1 Peter 2:24
Originally scheduled for October 23
The expression “zounds” has pretty much left the English
language, except for Bugs Bunny cartoons. To pronounce it, it must
rhyme with “wounds” — for it is a contraction of the expression
“God’s wounds.” It was used as an expression, not exactly in polite
company, to express surprise or astonishment. Our ancestors felt
that the existence of the wounds of Christ was an astonishing thing.
That our Lord would be wounded on our behalf seem to them to be
beyond any possible expectation.
Let us consider, then, the wounds of Christ. I once heard a
preacher tell me that there is nothing man made in heaven. Leaving
aside the possibility that the Ark of the Covenant is there, which
is what Revelation tells us, there are five other things that are
man made in heaven. They are the wounds of Christ, in his side, in
his hands and in his feet. These are the most visible wounds, to
which we must add the general suffering of dying on a cross. It is a
long, slow, painful death. But the human being is not just a
physical body; the cross is not just physical injury. It also
includes the humiliation of being executed as the worst of
criminals. He was wounded indeed for our transgressions.
It’s important to remember that the suffering of Christ is
always mentioned as being “in the body.” Christ was not some
phantasm who just came along to take a part in the play that God was
putting on. No, His suffering was very real, very bodily indeed. He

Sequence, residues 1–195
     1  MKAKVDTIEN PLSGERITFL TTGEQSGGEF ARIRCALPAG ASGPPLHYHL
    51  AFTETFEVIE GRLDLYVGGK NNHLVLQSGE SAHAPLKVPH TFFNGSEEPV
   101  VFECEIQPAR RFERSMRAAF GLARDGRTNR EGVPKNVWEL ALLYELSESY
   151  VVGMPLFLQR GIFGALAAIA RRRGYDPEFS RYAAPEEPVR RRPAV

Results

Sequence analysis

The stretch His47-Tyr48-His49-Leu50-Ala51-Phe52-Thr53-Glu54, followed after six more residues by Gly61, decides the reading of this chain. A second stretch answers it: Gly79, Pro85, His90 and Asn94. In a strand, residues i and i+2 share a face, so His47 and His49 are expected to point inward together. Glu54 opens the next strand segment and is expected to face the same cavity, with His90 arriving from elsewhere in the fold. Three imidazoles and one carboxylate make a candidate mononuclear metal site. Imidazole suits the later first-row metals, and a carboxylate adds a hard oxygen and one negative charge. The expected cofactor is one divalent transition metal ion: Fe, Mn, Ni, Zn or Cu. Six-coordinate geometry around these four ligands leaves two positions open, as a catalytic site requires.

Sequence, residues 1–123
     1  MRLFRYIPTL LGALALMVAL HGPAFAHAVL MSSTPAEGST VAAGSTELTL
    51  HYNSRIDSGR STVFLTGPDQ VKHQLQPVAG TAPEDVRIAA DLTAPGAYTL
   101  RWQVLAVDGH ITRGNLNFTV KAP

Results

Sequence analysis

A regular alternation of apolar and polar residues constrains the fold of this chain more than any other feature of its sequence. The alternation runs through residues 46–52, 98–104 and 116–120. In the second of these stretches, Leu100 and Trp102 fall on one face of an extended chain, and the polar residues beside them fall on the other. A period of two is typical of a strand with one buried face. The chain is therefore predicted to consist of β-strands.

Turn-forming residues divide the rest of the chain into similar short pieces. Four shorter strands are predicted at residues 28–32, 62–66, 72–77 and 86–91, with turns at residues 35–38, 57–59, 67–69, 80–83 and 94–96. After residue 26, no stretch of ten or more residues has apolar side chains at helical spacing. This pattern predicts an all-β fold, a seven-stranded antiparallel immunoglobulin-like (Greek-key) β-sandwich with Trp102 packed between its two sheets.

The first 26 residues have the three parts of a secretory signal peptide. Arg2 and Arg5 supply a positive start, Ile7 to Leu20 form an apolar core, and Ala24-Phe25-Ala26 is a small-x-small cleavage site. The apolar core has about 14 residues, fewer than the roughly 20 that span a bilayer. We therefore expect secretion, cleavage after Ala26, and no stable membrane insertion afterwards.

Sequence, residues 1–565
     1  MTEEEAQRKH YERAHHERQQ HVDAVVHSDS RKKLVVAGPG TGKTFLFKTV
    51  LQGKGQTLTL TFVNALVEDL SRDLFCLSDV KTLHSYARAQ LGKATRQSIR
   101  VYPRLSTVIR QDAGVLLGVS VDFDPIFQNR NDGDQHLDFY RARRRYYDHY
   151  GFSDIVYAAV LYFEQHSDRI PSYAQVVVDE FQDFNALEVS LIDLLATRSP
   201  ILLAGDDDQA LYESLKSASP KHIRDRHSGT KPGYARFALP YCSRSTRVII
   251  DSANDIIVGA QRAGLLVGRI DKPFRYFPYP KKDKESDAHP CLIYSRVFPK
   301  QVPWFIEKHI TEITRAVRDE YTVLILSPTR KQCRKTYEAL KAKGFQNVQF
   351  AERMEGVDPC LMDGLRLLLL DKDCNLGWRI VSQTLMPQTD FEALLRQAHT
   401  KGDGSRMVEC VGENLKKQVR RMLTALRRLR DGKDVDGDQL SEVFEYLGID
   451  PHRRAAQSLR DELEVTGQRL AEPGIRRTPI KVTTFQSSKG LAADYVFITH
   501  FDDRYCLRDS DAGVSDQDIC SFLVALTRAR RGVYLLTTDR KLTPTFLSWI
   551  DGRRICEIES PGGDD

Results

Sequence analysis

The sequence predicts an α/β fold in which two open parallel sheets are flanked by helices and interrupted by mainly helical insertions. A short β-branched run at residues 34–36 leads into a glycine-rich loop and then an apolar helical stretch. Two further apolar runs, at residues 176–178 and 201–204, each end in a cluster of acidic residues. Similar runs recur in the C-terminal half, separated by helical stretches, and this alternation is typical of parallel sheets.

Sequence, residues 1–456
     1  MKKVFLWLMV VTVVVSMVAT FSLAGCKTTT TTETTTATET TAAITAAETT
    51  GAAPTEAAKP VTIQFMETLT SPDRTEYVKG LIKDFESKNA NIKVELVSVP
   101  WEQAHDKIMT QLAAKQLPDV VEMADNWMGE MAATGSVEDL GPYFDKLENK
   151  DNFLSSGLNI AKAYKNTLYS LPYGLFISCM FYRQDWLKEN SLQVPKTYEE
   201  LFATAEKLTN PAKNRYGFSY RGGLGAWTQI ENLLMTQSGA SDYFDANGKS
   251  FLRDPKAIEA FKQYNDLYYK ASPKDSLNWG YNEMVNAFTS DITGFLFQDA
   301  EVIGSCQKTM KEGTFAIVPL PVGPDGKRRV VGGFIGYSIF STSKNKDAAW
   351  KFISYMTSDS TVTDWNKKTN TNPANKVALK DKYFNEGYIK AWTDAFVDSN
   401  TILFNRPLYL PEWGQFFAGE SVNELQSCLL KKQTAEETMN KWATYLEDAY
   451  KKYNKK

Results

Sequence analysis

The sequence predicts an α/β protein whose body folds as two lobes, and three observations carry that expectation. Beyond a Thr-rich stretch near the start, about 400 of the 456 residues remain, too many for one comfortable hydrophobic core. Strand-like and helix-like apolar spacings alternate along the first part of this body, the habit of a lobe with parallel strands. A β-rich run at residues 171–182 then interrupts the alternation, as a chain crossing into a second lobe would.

had a body just like ours, and he suffered just like we do. Note
that this suffering is voluntary; he did it for a purpose — that you
and I might be forgiven of our sins and receive the grace of God.
Christ did the suffering that we might receive the results.
He carried our sins in his body; therefore we are dead to sin as
children of God, but alive to Christ (Romans 6:11). It is not just
our acquittal on Judgment Day that we are talking about, but also
the effect of not being a slave to sin. We can live as we were
designed to live — in communion with God. When we partake of
communion, we are to remember that it represents the body and blood
of Jesus. The blood represents the life; the body the suffering. By
this suffering, now, Christ is our High Priest, intervening for us
with the Father. He paid the price; we got the benefit.
Therefore, as you partake this morning:
your sin and your salvation.
your sins, not in the abstract but specifically.
Then, with clear conscience and a proper respect for what
Christ has done for you, partake.